It is no secret that demand is hot for technical talent, but tomorrow’s artificial intelligence (AI) workforce will include a range of people, not just those with technical skills. In a world characterized by widespread AI adoption, everyone will need a basic AI education to compete and succeed. Yet states have largely avoided making AI education a priority, putting U.S. leadership in this vital field at risk. Three steps can help all states bridge this gap.
Harnessing the potential of the country’s future domestic AI workforce requires engaging all students early and routinely. States should immediately work to provide students with an AI education before high school, when they make career and educational decisions. It means opening up new interest areas and opportunities to those who can appreciate the contextualization and relevance of AI in their daily lives, but do not fit into the predefined box of four-year colleges. It means equipping all people with the tools they need to succeed in a global workforce.
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At first glance this may seem like wishful thinking. With so many competing priorities, insufficient resourcing, and––what is “AI education” anyway?––some readers may politely suggest this set of ideas be added to the list of things that won’t see the light of day.
Not only is this subject too important to dismiss, it does not need to be. The good news is that states can create an AI education agenda in three practical, feasible steps.
First, make AI education an explicit state priority. Establish a state-level AI education committee and publish an agenda dedicated to advancing AI education across the state. Connect the agenda to adjacent ones firmly rooted, such as for computer science (CS), that create synergy and leverage opportunities. For the states that have a “CS education supervisor” (over thirty six do), add AI to this function. Without buy-in, any effort to prioritize AI education will go nowhere fast.
Currently, the idea of “AI education” remains nebulous at best. Many state education leaders and local school districts understandably do not know what it means, how it differs from science, technology, engineering, and mathematics (STEM) or CS education, or how it applies to the classroom. The Center for Security and Emerging Technology (CSET) has argued that AI education is distinct. AI education includes a technical component that is aligned with computer and data science, but also a foundational non-technical component everyone should have. This includes concepts such as potential bias, data privacy, and responsible use that are integrated in our daily lives.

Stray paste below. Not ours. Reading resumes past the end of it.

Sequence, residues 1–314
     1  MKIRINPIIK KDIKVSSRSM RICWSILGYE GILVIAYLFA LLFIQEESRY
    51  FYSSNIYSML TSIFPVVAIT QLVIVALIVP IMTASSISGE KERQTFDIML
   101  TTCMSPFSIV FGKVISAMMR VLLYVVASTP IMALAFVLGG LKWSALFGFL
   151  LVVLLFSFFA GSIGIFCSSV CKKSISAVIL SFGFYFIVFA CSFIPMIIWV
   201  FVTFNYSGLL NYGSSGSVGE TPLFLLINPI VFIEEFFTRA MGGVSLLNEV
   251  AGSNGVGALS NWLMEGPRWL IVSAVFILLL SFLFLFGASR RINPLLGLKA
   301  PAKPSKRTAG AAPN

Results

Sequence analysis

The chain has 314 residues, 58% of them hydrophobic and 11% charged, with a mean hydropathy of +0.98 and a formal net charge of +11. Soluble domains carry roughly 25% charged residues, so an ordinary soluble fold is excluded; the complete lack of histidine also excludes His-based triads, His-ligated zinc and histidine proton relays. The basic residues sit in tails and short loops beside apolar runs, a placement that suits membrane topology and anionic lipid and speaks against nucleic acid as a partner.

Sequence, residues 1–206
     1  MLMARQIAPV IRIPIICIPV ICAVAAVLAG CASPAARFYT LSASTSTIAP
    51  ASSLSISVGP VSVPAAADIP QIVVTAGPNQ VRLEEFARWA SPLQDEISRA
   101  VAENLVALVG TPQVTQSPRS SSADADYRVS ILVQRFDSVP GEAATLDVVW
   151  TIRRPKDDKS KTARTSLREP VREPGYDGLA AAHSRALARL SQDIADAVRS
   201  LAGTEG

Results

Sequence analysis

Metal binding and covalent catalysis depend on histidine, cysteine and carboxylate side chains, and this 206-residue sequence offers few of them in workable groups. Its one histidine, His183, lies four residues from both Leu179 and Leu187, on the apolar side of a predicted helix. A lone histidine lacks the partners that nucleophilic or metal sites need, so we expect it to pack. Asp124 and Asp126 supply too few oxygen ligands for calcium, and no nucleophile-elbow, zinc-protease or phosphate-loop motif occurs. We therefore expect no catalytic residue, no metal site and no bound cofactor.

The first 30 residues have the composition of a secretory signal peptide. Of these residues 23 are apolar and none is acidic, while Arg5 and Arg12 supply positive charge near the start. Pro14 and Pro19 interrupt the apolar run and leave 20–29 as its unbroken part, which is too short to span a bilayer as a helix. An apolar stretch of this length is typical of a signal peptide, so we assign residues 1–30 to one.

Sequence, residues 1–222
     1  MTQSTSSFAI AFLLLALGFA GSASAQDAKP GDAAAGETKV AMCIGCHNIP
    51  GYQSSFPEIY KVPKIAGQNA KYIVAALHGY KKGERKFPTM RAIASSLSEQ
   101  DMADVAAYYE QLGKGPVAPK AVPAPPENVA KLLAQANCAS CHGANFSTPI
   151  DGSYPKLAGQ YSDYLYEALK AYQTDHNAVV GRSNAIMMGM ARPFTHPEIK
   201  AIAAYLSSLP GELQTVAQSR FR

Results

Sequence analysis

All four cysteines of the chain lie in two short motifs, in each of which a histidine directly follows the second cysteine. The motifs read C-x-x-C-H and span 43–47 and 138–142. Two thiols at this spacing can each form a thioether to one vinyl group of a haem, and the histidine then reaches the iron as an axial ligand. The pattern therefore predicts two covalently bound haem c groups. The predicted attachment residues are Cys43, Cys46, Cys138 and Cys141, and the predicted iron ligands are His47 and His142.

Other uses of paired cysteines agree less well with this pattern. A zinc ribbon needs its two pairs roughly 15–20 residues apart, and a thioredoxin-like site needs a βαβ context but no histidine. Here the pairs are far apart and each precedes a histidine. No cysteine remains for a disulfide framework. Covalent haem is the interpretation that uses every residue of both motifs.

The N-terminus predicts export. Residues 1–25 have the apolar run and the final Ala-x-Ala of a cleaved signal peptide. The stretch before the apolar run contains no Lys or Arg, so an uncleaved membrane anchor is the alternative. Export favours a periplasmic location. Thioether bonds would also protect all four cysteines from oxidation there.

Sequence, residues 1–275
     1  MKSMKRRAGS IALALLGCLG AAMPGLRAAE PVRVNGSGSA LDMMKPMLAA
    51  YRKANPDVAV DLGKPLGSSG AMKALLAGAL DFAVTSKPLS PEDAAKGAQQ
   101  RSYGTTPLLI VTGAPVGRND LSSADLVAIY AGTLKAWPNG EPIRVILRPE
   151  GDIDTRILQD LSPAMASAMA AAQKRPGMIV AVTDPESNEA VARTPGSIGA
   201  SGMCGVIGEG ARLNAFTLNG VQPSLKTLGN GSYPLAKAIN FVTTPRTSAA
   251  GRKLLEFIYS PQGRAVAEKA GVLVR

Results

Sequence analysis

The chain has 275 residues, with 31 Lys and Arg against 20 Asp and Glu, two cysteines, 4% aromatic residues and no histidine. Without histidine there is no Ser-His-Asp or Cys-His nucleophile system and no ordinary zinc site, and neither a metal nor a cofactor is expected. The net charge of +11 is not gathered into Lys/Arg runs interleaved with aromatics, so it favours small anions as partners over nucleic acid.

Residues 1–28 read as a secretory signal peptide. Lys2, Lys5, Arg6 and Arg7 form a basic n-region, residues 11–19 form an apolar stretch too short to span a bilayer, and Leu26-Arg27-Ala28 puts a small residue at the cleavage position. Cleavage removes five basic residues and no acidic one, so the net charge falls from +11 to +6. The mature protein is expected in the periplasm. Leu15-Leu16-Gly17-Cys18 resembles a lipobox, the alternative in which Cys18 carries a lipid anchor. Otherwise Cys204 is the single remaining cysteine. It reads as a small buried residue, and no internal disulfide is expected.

Second, states should focus agendas on offering general AI education in elementary and middle school. This would require an initial time and resource emphasis on integrating foundational AI concepts into existing kindergarten through 8th grade (K-8) core curricula, and later expanding technical AI education alongside CS education in high school. States should make AI literacy a supplemental course learning objective for core courses, design materials to integrate basic AI concepts and principles, provide professional development for all K-8 instructors, and measure and evaluate progress.
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A major benefit of this approach is that AI literacy encompasses many of the competing educational priorities being asked of schools. For example, schools are being asked to provide digital literacy, data literacy, climate literacy, computational thinking, and––a topic still only covered by law in 23 states––financial literacy. There simply is not enough time in the school day to address these as separate areas of instruction. However, AI education can bridge these topics. With some intentional course design, using these topics as applications of AI, all of these topics could be integrated into core curricula as supplemental learning objectives.
Third, states should request federal resources to address funding shortfalls in implementing their AI education agendas. A modification to existing AI education grant programs, along with a creation of a short application, could enable federal financial support to states and to school districts directly through the U.S. Department of Education and the National Science Foundation. Previous CSET research recommended funding grants for the provision of AI education and teacher professional development in kindergarten through 12th grade education, in partnership with industry non-profit organizations in the community. CSET has also proposed that Congress direct funds to the National Institute of Standards and Technology, or another federal entity, to create a framework for AI work roles and competencies that can be used to create AI education and training materials.
The challenges states face in building an AI education agenda are not insurmountable. In fact, some states are leading the way. For example, Georgia is set to open the country’s first public AI high school in Gwinnett County this August. Florida school districts are working with the University of Florida to develop an AI career and technical education pathway. Maryland is training teachers to pilot AI education curricula in select middle schools.
Such recent developments are encouraging, but far more needs to be done. The United States will not meet the demand for tomorrow’s AI talent without serious investment in AI education today. It is essential that all states adopt an AI education agenda now that prepares all Americans for AI or AI-enabled jobs, or risk falling ever behind.
Diana Gehlhaus is a research fellow at Georgetown University’s Center for Security and Emerging Technology (CSET).